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  • Writer's picturePastor Maggie

An ancient blessing

Pastor Maggie's homily from this year's Easter Vigil. Loosely based on Genesis 1.

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I love Easter Vigil. One of the things that I enjoy most about Easter Vigil is that with its fire and water and incense and movement between spaces it’s primal in a way our other celebrations aren’t. It calls to deep parts of us that our modern life often glides over. Holy Saturday is that in between moment. It’s not Good Friday, with its shock and grief. Nor is it Easter Sunday, with its victorious joy. Holy Saturday is the uncertainty of everything in between. Holy Saturday is not knowing how the test results are going to come back. Holy Saturday is knowing you need to find different work, looking for a new job, but not seeing the right thing yet. Holy Saturday is packing your life up in boxes ready for a move, but still not knowing where you’ll make your home. Holy Saturday is sitting in the waiting room while a baby you know you will love is getting ready to be born. It’s the tension of standing on the threshold between two different versions of your life—not really in the past and not in the future yet either. You can see both of them, but neither of them are now. I think we live a lot of our lives in this middle place, and Holy Saturday is an opportunity to practice existing somewhere between grief and joy.

What struck me about the liturgy this year is the way we consider the night. I think we as modern people have a very different relationship with night than our ancestors did. The Industrial Revolution (so think starting in late 1700s and really cranking along by the mid 1800s) fundamentally changed people’s relationship with night. Pre-industrial peoples believed the night was full of dangers, illnesses, and spirits. We don’t think of these folks as silly or dumb, because in a couple hundred years, when people look back, we know we will seem silly and dumb. Right? People then just conceive of the world differently based on their knowledge and experiences.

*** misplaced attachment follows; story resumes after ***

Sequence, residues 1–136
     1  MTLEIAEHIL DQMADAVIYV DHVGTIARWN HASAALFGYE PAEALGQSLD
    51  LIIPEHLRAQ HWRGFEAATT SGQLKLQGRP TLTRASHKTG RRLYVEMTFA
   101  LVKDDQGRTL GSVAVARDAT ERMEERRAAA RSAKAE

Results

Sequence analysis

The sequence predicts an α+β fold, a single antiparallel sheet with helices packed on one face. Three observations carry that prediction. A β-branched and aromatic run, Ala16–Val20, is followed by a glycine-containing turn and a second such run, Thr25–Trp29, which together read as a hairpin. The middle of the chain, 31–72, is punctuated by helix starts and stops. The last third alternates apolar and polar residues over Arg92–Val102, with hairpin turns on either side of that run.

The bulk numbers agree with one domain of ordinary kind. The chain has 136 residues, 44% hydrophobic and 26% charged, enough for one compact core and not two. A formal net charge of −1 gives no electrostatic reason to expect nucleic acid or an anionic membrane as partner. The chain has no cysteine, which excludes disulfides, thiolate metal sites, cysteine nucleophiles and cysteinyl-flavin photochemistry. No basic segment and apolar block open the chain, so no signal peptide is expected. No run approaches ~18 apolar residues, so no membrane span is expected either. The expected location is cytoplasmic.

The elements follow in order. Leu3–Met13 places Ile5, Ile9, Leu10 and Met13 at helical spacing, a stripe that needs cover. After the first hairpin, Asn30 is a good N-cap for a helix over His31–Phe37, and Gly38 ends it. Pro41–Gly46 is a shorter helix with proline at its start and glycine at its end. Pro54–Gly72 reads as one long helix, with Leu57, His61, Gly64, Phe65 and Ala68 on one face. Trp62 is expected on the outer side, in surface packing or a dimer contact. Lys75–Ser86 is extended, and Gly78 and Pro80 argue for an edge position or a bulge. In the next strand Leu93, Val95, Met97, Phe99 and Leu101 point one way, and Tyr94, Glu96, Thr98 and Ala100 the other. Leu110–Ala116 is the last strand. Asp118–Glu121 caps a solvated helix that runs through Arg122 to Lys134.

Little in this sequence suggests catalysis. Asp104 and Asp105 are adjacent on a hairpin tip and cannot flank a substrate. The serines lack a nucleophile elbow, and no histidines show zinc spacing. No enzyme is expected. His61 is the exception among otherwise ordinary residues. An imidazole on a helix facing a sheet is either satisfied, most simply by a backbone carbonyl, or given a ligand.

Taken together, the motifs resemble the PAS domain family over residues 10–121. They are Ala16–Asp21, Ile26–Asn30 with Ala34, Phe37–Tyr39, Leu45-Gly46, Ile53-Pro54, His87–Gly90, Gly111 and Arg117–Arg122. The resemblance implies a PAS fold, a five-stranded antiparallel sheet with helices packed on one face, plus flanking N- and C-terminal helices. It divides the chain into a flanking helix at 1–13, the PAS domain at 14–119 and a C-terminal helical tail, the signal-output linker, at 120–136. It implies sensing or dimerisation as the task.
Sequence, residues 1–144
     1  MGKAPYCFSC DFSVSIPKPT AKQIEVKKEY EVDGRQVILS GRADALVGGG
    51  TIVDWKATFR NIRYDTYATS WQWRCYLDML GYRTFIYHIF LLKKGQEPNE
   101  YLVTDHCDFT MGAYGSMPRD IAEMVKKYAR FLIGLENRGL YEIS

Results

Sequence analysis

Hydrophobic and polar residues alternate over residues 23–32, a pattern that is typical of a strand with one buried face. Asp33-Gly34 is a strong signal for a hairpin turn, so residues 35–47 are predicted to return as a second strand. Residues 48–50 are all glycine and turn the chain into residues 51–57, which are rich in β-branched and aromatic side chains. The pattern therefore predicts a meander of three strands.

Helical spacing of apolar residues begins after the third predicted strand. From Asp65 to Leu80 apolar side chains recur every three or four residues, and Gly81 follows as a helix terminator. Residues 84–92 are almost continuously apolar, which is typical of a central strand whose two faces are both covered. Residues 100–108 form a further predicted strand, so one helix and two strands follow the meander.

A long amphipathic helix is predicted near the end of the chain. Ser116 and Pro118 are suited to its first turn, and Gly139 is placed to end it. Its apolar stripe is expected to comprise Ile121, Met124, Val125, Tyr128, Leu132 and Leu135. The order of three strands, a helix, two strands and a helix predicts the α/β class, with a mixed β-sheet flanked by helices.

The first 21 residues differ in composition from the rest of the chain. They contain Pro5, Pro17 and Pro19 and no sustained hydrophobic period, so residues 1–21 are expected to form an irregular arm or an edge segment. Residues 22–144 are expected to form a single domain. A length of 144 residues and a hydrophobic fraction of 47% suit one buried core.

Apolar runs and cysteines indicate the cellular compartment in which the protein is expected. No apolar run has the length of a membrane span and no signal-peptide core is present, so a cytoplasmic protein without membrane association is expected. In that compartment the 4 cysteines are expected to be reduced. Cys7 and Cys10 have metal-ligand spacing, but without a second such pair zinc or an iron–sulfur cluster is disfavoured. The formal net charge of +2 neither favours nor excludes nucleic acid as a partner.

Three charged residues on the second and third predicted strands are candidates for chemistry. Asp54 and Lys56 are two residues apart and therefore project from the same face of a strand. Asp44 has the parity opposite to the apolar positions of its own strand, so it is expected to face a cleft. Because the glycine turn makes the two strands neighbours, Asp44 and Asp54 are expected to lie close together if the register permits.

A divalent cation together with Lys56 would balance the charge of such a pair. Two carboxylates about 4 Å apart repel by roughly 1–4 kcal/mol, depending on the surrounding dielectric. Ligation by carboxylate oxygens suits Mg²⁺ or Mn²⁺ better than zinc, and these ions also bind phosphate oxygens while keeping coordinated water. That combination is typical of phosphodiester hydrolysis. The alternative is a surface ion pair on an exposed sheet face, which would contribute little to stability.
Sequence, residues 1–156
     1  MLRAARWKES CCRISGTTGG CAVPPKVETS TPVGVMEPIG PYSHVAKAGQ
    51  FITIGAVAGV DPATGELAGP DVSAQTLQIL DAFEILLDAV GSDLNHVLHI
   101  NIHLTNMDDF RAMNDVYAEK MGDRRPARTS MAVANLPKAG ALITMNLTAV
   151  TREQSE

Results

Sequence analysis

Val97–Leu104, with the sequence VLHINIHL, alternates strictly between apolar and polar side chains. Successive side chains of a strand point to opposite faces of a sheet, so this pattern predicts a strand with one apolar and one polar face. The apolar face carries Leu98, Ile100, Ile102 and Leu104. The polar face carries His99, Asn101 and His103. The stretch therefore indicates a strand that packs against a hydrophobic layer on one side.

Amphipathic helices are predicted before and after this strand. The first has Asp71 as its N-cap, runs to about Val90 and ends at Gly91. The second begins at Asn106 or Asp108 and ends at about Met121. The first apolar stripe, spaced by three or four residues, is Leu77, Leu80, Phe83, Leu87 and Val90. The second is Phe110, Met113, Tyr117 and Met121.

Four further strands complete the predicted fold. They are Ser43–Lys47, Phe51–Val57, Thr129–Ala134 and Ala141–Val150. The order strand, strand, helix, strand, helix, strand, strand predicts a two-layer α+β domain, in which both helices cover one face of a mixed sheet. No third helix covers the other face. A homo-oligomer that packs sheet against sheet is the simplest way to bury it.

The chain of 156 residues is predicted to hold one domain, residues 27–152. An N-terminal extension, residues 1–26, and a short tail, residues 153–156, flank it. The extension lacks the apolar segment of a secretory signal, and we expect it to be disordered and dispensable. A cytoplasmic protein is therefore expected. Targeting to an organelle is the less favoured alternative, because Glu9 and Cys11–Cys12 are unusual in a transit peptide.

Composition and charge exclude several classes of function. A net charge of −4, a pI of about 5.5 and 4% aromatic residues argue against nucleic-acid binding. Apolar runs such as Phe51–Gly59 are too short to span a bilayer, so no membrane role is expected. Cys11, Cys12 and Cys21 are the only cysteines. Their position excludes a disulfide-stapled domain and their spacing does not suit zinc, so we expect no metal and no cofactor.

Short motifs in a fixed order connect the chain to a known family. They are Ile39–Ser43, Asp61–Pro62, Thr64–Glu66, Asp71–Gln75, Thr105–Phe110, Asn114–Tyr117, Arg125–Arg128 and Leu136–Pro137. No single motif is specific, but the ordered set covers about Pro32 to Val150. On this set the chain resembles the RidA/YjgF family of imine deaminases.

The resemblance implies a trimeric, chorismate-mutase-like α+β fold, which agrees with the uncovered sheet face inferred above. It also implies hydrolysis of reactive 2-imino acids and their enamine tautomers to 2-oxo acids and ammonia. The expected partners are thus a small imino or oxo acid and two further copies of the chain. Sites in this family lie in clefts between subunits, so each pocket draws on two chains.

Night had always been a place of terrors. There are cultures around the world who for have always had gods and imps and spirits who ruled the night and took special pains to haunt and bedevil people. The Greeks had Nyx, the Babylonians Lilith; east of Jerusalem, the Essene people of Qumran (writers of the Dead Sea Scrolls) had an “Angel of Darkness”. And speaking of bedeviling, Christianity had its own nighttime boogeyman—the Devil.

Nighttime was scary. Not just for kids, but for adults too. Unlike other animals, we humans don’t see as well at night. Imagine being out on the road at night with only a lantern for illumination. Imagine hearing a horse heading your way. Do you hear how loud the hooves are in the quiet of the night? How would you know if the person (or people?) on horseback coming toward you is a friend or a danger?

And you might think that the moon could help you, but no luck there either. In the minds of many pre-modern, European people, the moon was responsible for madness and disease. The moon was thought to alter the amount of moisture in a person’s body, including their brain, and drive people to insanity. In one London parish, at the end of the 1500s, during a 15 year span, 22 deaths were attributed to the influence of the moon.

People believed that the moon also brought plaguelike damps, and with nightfall, noxious vapors came from the sky and brought on fevers and colds and other contagious illnesses. They thought the evening air entered the body through the pores and that this invasion caused damage to healthy organs.